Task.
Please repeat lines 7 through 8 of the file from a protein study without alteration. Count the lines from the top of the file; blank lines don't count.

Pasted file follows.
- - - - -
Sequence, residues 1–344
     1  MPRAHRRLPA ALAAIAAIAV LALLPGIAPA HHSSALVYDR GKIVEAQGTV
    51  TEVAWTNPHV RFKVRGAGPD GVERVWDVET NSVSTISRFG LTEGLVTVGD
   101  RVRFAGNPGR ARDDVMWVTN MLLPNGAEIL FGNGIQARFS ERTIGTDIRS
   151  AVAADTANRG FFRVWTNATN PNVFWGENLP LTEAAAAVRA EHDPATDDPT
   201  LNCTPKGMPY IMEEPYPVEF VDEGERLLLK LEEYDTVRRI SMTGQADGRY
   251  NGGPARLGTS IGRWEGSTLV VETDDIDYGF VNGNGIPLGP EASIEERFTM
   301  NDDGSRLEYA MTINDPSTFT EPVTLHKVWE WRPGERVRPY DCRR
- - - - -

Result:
   251  NGGPARLGTS IGRWEGSTLV VETDDIDYGF VNGNGIPLGP EASIEERFTM
   301  NDDGSRLEYA MTINDPSTFT EPVTLHKVWE WRPGERVRPY DCRR